Available data suggest that messenger RNA vaccines for Covid-19 do not cause missed periods, the European Union’s health regulator concluded last Friday (10).
The review was prompted by reports of menstrual disturbances in women who received one or two injections of the Moderna or Pfizer-BioNTech vaccines.
Menstrual disorders can occur due to a number of reasons, including underlying medical conditions as well as stress and tiredness. Health officials highlighted that cases have also been reported following Covid-19 infection.
Missing menstruation is defined as the absence of bleeding for a period of 90 days or more.
Meanwhile, the European Medicines Agency’s Prac (Risk Assessment and Pharmacovigilance Committee) is still investigating cases of heavy menstrual bleeding with the two vaccines.
Reports of heavy menstruation — bleeding characterized by an increase in volume and/or duration that interferes with quality of life — were highlighted as a potential concern after a study in Norway suggested an increase in cases of the phenomenon after inoculation.
On Friday, the Prac said it had reviewed all available data on the possible risk, but asked vaccine manufacturers to provide an updated cumulative assessment of cases.
In January, a study published in the journal Obstetrics & Gynecology reported changes in women’s menstrual cycles after they were vaccinated against the coronavirus.
According to the study authors, inoculated women had slightly longer menstrual cycles after receiving the vaccine compared with unvaccinated women.
Menstruation took an average of a day to arrive, but it didn’t last longer than normal. And the effect was fleeting; the length of the cycles returned to normal after a month or two. For example, a woman with a 28-day menstrual cycle that starts with seven days of bleeding would still start her cycle with seven days of bleeding, but the entire cycle lasted 29 days. The menstrual cycle ends when the next period begins. A month or two after vaccination, the cycle returned to the usual 28 days.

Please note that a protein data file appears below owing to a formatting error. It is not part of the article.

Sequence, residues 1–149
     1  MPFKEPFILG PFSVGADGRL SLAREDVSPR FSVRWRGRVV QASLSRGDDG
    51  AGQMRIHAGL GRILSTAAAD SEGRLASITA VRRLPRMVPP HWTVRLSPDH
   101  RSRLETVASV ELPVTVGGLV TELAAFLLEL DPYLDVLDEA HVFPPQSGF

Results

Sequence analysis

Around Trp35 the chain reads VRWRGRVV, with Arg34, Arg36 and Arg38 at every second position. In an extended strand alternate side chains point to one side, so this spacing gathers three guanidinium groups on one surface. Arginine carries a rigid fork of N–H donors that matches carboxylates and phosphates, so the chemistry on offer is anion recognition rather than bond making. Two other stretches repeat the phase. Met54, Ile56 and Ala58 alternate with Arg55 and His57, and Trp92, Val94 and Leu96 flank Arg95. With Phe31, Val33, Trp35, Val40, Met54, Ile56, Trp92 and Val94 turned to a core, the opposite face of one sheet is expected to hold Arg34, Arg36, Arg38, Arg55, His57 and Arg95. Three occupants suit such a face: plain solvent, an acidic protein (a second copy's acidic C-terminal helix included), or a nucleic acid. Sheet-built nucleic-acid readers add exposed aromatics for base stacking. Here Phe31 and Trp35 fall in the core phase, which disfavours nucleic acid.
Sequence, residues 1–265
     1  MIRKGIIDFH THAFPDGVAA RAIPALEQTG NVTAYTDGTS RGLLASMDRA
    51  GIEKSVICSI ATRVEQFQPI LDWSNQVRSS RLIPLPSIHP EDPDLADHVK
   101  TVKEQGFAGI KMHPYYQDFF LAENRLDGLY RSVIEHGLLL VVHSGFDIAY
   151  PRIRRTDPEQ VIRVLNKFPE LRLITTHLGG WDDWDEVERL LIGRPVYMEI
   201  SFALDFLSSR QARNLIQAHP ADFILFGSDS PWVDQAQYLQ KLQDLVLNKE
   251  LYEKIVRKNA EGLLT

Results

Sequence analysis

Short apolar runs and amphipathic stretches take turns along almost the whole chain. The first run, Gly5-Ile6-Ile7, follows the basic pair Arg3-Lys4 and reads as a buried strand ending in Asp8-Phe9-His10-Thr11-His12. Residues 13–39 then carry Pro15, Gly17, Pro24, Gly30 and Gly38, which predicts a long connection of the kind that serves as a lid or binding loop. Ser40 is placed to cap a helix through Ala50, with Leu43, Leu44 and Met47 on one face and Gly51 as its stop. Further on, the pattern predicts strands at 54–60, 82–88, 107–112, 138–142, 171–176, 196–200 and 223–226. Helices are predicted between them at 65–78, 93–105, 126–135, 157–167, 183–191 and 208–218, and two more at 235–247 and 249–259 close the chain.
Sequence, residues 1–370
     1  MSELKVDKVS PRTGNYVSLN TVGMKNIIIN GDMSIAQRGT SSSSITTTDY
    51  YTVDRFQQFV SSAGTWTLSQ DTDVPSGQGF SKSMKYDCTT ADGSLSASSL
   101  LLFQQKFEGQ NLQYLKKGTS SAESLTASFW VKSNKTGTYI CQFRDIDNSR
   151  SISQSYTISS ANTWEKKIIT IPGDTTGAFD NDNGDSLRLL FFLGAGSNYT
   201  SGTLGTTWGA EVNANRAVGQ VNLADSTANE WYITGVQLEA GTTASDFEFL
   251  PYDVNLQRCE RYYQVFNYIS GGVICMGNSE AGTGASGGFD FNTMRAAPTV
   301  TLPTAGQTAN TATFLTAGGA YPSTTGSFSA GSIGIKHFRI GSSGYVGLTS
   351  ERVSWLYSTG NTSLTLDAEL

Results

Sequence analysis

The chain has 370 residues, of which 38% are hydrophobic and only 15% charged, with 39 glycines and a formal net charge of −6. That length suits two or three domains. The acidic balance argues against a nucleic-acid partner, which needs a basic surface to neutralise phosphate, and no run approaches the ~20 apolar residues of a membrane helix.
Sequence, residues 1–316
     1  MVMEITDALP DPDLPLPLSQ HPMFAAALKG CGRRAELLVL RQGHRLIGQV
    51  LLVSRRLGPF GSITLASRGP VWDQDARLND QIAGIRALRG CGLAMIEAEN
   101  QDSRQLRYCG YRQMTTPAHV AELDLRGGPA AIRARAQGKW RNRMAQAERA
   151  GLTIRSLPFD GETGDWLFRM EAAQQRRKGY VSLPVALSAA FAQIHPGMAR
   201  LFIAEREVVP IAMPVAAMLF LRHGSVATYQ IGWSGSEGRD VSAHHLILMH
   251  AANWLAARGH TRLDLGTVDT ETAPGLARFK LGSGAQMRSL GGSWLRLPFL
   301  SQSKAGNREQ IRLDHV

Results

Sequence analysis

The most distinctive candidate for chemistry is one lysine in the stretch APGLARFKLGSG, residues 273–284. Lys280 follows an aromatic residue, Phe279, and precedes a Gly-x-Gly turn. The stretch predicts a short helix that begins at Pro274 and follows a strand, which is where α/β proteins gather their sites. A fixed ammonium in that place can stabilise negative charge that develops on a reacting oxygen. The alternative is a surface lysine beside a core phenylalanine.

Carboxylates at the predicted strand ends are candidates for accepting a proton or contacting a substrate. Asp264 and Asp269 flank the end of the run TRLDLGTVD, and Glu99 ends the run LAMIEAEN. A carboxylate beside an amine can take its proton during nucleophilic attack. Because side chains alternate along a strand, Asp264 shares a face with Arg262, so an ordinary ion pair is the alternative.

The delay was more pronounced in women who received both doses of the vaccine in the same menstrual cycle: in their case, menstruation started two days after the normal period, according to the scientists.
One of those responsible for the study, Hugh Taylor, director of the department of obstetrics, gynecology and reproductive sciences at the Yale School of Medicine, pointed out that the changes observed were not significant and appear to be transient.
A serious drawback of the study, which focused on women residing in the United States, is that the sample was not nationally representative and could not be generalized to the population as a whole.
The data was provided by a company called Natural Cycles that makes an app that tracks fertility.